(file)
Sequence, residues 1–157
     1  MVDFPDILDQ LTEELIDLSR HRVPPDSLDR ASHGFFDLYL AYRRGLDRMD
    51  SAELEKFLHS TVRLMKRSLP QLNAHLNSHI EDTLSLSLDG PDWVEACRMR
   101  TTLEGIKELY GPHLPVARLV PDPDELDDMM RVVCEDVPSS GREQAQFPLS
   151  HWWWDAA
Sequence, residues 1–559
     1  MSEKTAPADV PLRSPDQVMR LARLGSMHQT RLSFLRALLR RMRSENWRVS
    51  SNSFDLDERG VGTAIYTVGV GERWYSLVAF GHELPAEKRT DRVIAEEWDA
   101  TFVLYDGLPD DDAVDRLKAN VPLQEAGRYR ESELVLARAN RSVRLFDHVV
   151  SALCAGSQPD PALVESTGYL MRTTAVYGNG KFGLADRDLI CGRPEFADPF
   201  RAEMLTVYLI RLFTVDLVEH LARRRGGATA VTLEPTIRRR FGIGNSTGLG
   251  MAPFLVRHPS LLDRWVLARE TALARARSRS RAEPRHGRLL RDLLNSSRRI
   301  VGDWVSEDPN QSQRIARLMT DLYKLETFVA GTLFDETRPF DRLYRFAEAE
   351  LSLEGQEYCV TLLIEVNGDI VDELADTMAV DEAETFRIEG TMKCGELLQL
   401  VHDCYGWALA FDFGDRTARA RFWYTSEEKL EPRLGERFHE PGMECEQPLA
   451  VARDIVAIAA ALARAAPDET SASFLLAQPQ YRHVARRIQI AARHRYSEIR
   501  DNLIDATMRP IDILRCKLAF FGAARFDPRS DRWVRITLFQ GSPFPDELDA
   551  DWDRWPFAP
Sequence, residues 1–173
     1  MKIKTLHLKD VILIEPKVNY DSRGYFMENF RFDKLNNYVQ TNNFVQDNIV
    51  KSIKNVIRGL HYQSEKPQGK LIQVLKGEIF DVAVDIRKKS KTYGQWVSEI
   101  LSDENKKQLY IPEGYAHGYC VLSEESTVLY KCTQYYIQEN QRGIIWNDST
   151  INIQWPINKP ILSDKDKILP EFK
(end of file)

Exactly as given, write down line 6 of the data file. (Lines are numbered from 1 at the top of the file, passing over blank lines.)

Sequence, residues 1–559